Helen—having just escaped the zombie attack upstairs—races down into the basement, to find sweet little Karen calmly eating her father.
While Karen dispatches her mother with a garden trowel—and with Romero stealing liberally from the shower scene in Psycho to make the scene feel much more graphic than it actually is—my girlfriend uses this moment to elaborate on her basic philosophy of horror movies.
She: See? I knew it! They should have killed her the moment she got bit.
Me: That’s your answer to everything.
She: It is the answer! Kill this bitch, kill the bitch in The Exorcist, kill everybody in The Thing.
Meanwhile, upstairs, as the zombie swarm overruns the house, Barbra meets her death at the hands of her reanimated brother Johnny.
Ben fights little Karen for possession of the basement, and locks himself in. After spending the entire movie arguing with Harry that the cellar wasn’t safe, Ben becomes the last survivor by…locking himself in the cellar.
Me: You know, there’s an argument to be made here that this is all Ben’s fault. His plan to get gas got Tom and Judy killed, his insistence on staying upstairs got everyone else killed, and he killed Harry himself.
She: Whatever. He’s the only black man in movie history to survive a horror movie, so he must have done something right.
But, of course, Romero is a more nihilistic director than that, and has one last cruel joke for us. Waking up in the morning, Ben wanders upstairs to find the sun rising and the zombies gone. He peeks out the window to make sure the nightmare is really over—and is shot in the head by the roving rednecks, who have mistaken him for a zombie.
She: Son of a bitch! What was he, holding a bag of Skittles?
Over grainy, newspaper-style stills of the posse throwing Ben on the funeral pyre—which just emphasizes the parallels between Night of the Living Dead and the news footage of the time—the movie comes to a quiet, unbelievably depressing end.
As one mark of what a quantum leap forward Night of the Living Dead was for horror movies, I recommend reading Roger Ebert’s essay on his viewing of the film in 1968. This was an era when monster movies were campy and fun: Rosemary’s Baby came out the same year, but Hammer horror movies and the campy horror of Roger Corman were still the standard. As such, parents thought nothing of dropping off their very small children at the theater for a creature-feature, which—in Ebert’s account—led to some seriously traumatized children.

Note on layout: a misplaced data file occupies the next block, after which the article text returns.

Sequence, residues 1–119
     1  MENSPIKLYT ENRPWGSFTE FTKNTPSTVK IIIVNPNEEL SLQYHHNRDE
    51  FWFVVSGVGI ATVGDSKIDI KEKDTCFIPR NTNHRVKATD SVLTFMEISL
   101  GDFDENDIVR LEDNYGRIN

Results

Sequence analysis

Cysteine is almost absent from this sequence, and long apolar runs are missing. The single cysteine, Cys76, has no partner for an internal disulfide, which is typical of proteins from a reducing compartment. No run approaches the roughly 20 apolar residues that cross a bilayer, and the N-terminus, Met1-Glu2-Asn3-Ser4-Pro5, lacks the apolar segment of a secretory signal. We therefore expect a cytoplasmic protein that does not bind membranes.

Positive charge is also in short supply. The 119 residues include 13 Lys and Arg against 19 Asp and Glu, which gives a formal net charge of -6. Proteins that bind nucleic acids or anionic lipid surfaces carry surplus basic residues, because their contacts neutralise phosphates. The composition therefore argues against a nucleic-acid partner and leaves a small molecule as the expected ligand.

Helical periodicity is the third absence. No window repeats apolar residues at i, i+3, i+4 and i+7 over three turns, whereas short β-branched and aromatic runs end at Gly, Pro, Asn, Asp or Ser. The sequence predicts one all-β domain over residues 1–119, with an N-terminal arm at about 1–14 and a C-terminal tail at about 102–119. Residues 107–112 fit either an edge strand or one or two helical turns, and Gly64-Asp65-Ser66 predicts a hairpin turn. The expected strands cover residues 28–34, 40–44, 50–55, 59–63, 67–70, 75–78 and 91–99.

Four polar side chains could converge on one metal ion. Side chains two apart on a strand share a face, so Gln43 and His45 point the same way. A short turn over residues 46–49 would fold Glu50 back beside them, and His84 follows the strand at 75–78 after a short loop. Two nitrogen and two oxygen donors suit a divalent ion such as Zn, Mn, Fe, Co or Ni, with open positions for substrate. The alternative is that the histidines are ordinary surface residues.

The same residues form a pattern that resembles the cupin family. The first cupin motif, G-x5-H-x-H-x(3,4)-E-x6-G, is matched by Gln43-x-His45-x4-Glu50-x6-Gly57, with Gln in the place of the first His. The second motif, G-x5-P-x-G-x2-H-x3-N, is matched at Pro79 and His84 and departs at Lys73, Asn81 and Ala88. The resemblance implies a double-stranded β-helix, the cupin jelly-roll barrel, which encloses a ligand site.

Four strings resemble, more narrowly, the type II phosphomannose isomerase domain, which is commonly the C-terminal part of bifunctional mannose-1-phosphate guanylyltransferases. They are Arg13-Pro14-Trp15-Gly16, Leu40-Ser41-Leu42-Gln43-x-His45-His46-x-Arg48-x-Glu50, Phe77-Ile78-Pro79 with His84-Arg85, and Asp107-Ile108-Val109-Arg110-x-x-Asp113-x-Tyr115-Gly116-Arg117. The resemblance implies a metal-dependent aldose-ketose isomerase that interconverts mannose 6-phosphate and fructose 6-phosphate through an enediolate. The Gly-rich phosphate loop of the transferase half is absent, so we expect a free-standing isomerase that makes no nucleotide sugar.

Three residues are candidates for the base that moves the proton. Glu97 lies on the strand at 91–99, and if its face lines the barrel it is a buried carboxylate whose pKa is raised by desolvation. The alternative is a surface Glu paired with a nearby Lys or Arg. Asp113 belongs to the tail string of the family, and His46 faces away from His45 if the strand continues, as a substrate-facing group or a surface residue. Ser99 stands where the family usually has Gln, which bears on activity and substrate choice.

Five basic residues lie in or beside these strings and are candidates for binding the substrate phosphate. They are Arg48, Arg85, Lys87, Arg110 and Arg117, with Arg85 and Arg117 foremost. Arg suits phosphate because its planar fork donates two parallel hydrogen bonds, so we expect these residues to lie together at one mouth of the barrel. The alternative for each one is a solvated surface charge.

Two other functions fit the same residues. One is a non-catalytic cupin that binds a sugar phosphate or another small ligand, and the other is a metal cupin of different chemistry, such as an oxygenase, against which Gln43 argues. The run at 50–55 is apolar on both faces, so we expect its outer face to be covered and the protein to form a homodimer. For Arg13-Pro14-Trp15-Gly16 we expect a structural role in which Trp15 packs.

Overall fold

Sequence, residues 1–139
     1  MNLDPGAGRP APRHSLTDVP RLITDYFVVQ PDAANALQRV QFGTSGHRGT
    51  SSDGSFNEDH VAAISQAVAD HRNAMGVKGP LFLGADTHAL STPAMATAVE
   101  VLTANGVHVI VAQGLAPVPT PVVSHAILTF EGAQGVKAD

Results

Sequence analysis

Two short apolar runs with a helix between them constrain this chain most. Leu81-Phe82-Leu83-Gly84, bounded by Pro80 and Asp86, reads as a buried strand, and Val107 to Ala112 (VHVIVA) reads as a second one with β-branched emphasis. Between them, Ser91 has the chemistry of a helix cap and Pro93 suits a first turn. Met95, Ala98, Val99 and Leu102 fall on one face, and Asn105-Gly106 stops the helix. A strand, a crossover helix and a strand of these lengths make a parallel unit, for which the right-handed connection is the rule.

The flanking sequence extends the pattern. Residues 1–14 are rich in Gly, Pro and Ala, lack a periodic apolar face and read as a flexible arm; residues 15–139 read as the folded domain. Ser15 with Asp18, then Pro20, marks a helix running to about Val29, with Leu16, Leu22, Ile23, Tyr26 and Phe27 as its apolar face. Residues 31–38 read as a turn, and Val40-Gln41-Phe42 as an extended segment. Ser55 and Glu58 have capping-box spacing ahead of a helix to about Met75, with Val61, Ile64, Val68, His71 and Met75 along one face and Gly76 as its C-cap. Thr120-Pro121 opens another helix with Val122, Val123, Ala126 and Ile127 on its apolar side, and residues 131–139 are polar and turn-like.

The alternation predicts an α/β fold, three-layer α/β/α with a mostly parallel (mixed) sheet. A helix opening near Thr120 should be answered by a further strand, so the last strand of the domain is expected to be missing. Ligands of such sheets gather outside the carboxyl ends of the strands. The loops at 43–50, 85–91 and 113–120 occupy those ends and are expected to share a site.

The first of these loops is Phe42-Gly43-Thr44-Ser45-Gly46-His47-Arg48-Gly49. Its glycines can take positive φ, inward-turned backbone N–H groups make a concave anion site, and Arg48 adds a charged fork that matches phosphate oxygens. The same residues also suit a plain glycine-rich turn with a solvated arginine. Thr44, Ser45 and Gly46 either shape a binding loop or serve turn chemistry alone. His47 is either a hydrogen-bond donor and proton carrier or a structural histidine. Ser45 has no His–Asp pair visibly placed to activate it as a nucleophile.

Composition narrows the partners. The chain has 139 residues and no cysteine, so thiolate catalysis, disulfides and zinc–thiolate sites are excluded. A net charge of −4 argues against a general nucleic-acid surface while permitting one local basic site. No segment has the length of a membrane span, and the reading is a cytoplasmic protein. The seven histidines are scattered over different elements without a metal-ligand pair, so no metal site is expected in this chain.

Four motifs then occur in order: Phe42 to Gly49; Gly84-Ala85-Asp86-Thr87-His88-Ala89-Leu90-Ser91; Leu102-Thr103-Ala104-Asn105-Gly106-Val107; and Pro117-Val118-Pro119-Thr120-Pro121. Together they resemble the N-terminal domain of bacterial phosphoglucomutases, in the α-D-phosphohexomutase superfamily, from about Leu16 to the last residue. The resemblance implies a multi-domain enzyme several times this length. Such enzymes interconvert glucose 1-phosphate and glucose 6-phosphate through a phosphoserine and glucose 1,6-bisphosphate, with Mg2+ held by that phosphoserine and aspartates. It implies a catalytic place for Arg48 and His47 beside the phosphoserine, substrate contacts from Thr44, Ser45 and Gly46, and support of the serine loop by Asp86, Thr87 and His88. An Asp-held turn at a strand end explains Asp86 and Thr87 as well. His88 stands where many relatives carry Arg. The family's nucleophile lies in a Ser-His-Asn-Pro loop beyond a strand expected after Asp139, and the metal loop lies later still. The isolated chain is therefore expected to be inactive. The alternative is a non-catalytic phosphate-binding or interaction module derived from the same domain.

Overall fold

“The kids in the audience were stunned,” Ebert writes. “There was almost complete silence. The movie had stopped being delightfully scary about halfway through, and had become unexpectedly terrifying. There was a little girl across the aisle from me, maybe nine years old, who was sitting very still in her seat and crying.”
Notable at the time for its excesses, Night of the Living Dead now stands out just as much for its restraint: as special effects and budgets have grown exponentially more bloated over the years, Romero reminds us here how much can be done with a single set, low-budget effects, high-contrast shadows, and fantastic sound design. I can’t help but feel that the recent move towards “found footage” movies is, in part, a high-concept workaround to justify getting back to the kinds of basics that work so well in Night of the Living Dead.
But what did my girlfriend think about it?
She: It was interesting. The acting was not great. But I thought—aside from some choppy editing, which was probably necessary to get around some budget problems—it was shot in a really interesting way. There was some great camera work in it, and I enjoyed the play of shadows and light. I love the black and white cinematography, which creates a whole different atmosphere. And I thought the sound was great: there were a lot of moments where there was no dialogue, and the backing track just creates this really eerie mood.
Me: There’s another black-and-white movie from the 60′s on our list, which is, to me, the Citizen Kane of haunted house movies. So you’ve got that to look forward to.
She: And now that you tell me that the lead actor was a case of color-blind casting, there’s a whole other layer of things going on that I bring to this, which weren’t necessarily intended: his slapping a white woman, the image of white men with dogs and guns…
Me: I still have trouble believing it wasn’t intended. It may not have been in the original script, but they had to be hyper-aware of it while they were filming, and so many things seem designed to play up that aspect of it.
She: Right. Those shots at the end of them dragging his body out, that had to be intentional: it’s so evocative of newspaper photographs of the civil rights era.
Me: Yeah, I don’t think any of that is an accident. So overall, you liked it?
She: Yeah, I liked it. It wasn’t bad.
Me: That’s high-praise from you.
She: Well, first zombie film, that’s very seminal. I respect that. I respect the classics.
Me: Did you find it scary at all?
She: No, those zombies are a little too ridiculous to be scary. And zombies aren’t really the way to scare me anyway. They’re gross, and if you show me images of them eating intestines, I’ll be grossed out, but they’re not scary. On the other hand: white people with guns? That’s scary. I was way more scared of whitey then I was of zombies.
Me: With, it turns out, good reason. That turned out to be the final threat.
She: So, my take-away from this movie? Don’t trust the white people. But that’s just the story of my life.
Next Up for The Unenthusiastic Critic: Our Halloween marathon continues with Sam Raimi’s 1981 cult classic The Evil Dead.